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Pandemic concerns and extended construction causes historic Muscatine restaurant to struggle
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Pandemic concerns and extended construction causes historic Muscatine restaurant to struggle

MUSCATINE — Opened in 1985, Salvatore’s Ristorante by Papà Reno has been a destination for diners from the Muscatine community and beyond, attracting patrons from the Quad-Cities and even Chicago.

However, because of not one but two long-term challenges, the Italian eatery may be at risk of closing its historic doors for good.

“I’ve never been a person to complain, but this is really hurting my livelihood, my family’s livelihood and my employees’ livelihood,” owner Claudio Vitale said.

Vitale was forced to join other Muscatine restaurants in closing the dining section and only allowing pick-up and delivery because of the coronavirus.

“The COVID pandemic on its own has been devastating to morale,” he said, having had worries about people getting sick. As such, he has been very diligent in following hygiene and social distancing guidelines. “I used to be a clinical researcher, so I have a reputation in town.”

Despite taking a hit however, Salvatore’s had managed to get good support during the beginning of the pandemic with both orders and gift card purchases coming in, allowing Vitale to break even and continue paying his bills and employees.

“People were happy, they’d come in and keep their distance, it was just beautiful,” he said.

However, another challenge was just around the corner.

Having ran his family’s restaurant for years, Vitale has grown to enjoy the downtown area where it resides.

“The different stores around us makes it kind of a unique atmosphere,” he said.

That location, however, has left him with another obstacle.

In the beginning of April, construction began on 2nd Street, and Salvatore’s front door entrance was blocked off because of the work being done on the street and sidewalk. Vitale said he was originally told that the construction would only be 4-6 weeks.

Now he’s been told it could last until July.

“They just don’t understand that there’s two restaurants on the block that are struggling,” he said, with the other restaurant being Riverside Café.

Vitale and his crew have tried to direct pick-up customers around the blocked off areas by posting alternate route directions on Facebook and sometimes directing them on the phone, but even that isn’t a perfect solution.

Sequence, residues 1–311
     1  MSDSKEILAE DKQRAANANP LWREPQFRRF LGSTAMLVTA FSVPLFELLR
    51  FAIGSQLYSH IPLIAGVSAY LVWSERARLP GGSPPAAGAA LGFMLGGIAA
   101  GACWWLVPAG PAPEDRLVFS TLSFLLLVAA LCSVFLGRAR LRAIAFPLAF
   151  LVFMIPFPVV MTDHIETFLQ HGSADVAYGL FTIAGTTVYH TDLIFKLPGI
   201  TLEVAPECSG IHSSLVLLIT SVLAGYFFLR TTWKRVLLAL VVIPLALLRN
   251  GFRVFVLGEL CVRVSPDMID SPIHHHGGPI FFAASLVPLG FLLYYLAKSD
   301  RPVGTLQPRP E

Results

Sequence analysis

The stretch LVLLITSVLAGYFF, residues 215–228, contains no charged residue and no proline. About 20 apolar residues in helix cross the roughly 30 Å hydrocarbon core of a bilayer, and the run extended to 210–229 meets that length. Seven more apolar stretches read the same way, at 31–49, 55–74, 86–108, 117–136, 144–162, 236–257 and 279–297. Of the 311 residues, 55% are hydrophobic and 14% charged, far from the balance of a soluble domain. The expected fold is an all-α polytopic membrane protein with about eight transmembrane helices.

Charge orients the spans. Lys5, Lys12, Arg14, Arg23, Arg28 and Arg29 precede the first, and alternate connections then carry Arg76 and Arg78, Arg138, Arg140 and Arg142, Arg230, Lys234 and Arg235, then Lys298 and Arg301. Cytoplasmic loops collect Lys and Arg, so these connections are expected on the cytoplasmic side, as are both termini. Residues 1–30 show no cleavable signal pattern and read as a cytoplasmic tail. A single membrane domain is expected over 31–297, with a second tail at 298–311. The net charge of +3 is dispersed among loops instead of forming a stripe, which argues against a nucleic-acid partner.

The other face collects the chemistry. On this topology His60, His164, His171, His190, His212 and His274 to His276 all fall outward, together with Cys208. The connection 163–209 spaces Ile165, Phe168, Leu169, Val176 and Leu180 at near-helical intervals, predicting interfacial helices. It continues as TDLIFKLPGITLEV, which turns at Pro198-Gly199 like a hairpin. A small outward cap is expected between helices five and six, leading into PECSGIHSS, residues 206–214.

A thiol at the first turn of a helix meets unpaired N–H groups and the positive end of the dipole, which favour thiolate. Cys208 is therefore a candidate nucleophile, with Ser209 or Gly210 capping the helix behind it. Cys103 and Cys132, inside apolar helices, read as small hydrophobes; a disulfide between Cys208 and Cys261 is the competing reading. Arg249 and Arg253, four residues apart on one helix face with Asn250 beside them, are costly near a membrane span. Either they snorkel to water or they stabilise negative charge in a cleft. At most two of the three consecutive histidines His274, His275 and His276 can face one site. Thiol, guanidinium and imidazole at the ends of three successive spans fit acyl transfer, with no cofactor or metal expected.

“We’ve had people not show up because they get frustrated and give up because they can’t find us," he said. "It’s been a mess.”

With the only way to get into the dining room now being through the kitchen, Salvatore’s is unable to allow dine-in customers for health reasons. Other hazards have been an issue, such as the now jagged sidewalk around the restaurant being a tripping hazard and the streetlights near Salvatore’s not being lit.

“The only lights that are on is my storefront and maybe the sewing shop next to me. Down the street though, it’s completely pitch black.”

Vitale added they have tried to convince people to do delivery, but bad experiences with companies such as DoorDash have made customers want to just pick their meals up themselves.

“And that’s when the ordeal starts. A lot of people don’t even know the construction is there, and when they do come down to pick up their food, they’re just frustrated,” he said.

Though he has talked to city council members and the mayor, who have understood his struggles and tried to help him, Vitale said that talking to the engineers on the project has been a different story entirely, making it seem like they’re in no hurry to finish and only offering excuses.

“They just don’t care about local businesses. COVID-19 was nothing you could fight against, but this is a man-made disadvantage for us that could easily be fixed, and I would hate to close down because of something that could have been avoided.”

Believing in tradition, Vitale isn’t interested in moving his restaurant uptown or to a mall or shopping center.

“There’s a lot of unique areas and a lot of cool people downtown,” he said, adding that he owes everything to his father, Papà Reno, who started and previously ran Salvatore's and is eager to work there again.

Despite worries that this one-two punch of a pandemic and construction could be the ultimate finishing blow for his restaurant, Vitale hopes that bringing awareness to these issues would help make his community understand his situation, encouraging them to support him and Salvatore’s Ristorante by Papà Reno through these difficulties.

He also encouraged his community to hold strong as they follow the public health guidelines and to keep an eye on downtown businesses.

“We’ll get through this all together, but only if we do the right thing," he said.

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